Sabbatical 2017

Sabbatical 2017
Eiffel Tower

Wednesday, March 8, 2017

Canonical Reading Plan for Mar 9, Dt 30-31

Today's readings are Dt 30-31.

After receiving a stern warning against falling away from God and His commandments in Dt 29:16-29, Israel hears that there is a remedy for rebellion. It is described in Dt 30:1-10—confession and repentance. Dt 30:11-20 makes it crystal clear that heartfelt confession and turning away from evil will net God’s blessing. Again, we get a glimpse of God’s ultimate and perfect plan of redemption. Those who turn toward Him and confess their sins with a contrite heart will receive His greatest blessing, eternal life. Those who refuse to do so will receive His strongest curse, eternal condemnation. However, these chapters in Deuteronomy are not the plan in its perfection. They are God’s temporal provision for His people for this time in their history. Nonetheless, we learn another valuable lesson about how God functions in His relationship with His children; confession and repentance bring blessing.


God prescribes a periodic reading of the Law in Dt 31:9-13. The Law is an ever-present reminder of the call to holiness and the Jews' long history of struggle with God's commandments. It is also an ongoing and powerful reminder of His faithfulness and grace. 


Immediately prior to their entry into Canaan, Israel receives a new leader, Joshua, and a song, The Song of Moses (Dt 31:14-28). The change in leadership indicates that God is their primary leader, although He appoints godly men to work through. The people God chooses to lead are neither perfect nor permanent. That they age and die proves them to be human and are not to be venerated as anything more. That they lead shows that God uses human vessels through which He accomplishes His work. Their human frailty and imperfection is an ongoing reminder that His people are dependent upon God and no one else. The song God gives, as are all songs given by God, is designed to be a simple way to for them to recall their history, memorializing their sin and His grace.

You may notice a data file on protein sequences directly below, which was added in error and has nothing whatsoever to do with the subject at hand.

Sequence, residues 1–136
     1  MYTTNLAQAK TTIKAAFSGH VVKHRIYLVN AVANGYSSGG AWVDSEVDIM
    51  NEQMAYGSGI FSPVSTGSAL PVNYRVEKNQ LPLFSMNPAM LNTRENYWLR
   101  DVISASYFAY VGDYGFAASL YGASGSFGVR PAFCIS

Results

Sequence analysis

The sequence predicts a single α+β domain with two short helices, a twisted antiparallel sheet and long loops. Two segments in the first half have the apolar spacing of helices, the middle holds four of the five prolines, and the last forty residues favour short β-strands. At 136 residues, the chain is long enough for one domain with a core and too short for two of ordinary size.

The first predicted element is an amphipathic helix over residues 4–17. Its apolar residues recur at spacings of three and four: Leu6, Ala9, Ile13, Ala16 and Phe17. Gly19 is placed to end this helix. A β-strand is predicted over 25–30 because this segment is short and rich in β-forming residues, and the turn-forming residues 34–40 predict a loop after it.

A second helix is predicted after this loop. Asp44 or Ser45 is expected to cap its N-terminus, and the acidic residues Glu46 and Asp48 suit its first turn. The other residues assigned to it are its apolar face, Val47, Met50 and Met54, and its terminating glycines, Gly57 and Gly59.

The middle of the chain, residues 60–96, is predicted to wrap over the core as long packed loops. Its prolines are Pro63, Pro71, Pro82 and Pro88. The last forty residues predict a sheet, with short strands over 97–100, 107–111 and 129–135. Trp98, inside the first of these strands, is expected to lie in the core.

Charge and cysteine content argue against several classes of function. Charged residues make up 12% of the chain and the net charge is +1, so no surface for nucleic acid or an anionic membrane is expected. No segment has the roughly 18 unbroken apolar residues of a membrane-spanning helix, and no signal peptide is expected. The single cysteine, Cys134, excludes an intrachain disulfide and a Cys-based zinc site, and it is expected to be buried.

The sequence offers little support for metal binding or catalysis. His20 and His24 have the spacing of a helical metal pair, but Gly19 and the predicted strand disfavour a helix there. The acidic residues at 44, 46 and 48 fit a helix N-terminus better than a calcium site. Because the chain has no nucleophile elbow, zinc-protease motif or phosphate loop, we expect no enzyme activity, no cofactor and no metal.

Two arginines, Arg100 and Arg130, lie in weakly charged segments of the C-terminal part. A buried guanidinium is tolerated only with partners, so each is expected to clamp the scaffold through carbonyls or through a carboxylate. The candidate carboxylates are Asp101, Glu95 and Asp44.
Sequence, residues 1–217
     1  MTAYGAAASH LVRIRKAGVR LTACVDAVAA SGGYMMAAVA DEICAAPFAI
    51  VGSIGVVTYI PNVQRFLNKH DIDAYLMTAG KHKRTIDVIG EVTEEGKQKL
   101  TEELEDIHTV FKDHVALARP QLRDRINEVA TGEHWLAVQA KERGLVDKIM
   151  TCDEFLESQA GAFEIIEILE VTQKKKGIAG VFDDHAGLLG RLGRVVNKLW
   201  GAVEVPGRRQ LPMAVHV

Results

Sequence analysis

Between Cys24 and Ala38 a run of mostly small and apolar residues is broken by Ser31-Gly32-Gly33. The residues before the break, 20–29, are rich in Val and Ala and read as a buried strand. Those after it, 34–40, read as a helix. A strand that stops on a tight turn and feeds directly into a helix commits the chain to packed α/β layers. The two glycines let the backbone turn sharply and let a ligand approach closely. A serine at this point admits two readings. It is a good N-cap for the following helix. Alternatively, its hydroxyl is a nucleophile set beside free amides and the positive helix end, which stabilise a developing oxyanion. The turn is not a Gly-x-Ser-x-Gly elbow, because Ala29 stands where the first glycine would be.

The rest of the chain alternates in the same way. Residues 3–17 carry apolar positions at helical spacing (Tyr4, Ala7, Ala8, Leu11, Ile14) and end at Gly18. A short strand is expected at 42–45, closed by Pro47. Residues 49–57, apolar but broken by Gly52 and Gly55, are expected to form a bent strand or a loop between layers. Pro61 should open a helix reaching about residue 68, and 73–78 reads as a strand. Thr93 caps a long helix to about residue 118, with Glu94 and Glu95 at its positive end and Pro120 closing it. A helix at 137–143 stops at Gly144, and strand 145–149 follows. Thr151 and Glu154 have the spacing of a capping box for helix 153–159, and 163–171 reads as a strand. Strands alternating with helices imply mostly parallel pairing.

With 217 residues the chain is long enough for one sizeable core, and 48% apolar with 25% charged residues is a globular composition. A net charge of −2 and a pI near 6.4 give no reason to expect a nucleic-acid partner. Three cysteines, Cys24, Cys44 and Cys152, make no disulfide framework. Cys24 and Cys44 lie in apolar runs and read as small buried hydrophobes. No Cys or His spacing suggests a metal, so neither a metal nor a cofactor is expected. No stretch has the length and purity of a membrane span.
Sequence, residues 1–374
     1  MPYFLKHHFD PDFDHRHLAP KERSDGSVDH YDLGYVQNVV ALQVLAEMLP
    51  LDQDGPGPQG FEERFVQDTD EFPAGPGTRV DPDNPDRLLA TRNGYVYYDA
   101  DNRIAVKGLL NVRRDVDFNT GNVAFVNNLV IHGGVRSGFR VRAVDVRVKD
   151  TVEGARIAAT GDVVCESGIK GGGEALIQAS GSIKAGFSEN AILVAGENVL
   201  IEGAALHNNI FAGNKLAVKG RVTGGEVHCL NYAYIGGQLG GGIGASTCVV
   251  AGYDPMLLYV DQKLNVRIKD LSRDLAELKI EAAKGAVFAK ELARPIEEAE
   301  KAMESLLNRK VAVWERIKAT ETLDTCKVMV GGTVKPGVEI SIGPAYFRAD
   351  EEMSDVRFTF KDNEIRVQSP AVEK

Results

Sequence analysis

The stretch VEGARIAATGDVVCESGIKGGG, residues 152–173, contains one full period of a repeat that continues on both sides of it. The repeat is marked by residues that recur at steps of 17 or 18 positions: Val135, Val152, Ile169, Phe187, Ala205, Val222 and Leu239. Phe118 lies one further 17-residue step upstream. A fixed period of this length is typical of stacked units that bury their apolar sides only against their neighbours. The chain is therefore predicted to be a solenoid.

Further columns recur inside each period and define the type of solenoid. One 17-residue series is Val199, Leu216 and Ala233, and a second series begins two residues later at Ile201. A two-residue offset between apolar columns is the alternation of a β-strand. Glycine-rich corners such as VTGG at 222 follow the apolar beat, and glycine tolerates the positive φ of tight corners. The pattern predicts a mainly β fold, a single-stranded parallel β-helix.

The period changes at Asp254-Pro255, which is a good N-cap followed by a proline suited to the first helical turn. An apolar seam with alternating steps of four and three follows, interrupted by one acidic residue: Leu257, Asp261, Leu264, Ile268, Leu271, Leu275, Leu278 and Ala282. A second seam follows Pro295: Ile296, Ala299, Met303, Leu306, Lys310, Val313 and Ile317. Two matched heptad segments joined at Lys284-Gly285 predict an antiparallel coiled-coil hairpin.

Why does Israel continue to fall away? We are learning that it is impossible for them to be obedient. Their humanness incessantly causes them to take God for granted, pursue their own self-interests, rebel against His laws and, generally, fail at every chance they get to become the holy representatives of God they want to be. 


In the final analysis, Israel, like us, is entirely dependent on God's grace rather than their own capability to live perfect lives. God consistently shows them His grace. It is becoming more evident with each stumble they endure, that the grace the Jews receive is not because of who they are, but because of who God is.

The strength the Jews possess is not in their own capability. Their ability to lead holy lives invariably fails them. Their most spiritual attribute is on display whenever they repent and turn back toward God. Their recognition of their own sin and their remorse over it is what God uses to refine them and bless them. 


That's what God wants from His people - a desire for holiness. As we watch the Jews struggle with their desire to please God and the tension it produces with their desire to please themselves, we gain an appreciation for their tenacity. But, we also begin to develop an appreciation for the grace of God.


The Jews need it, and so do we. 

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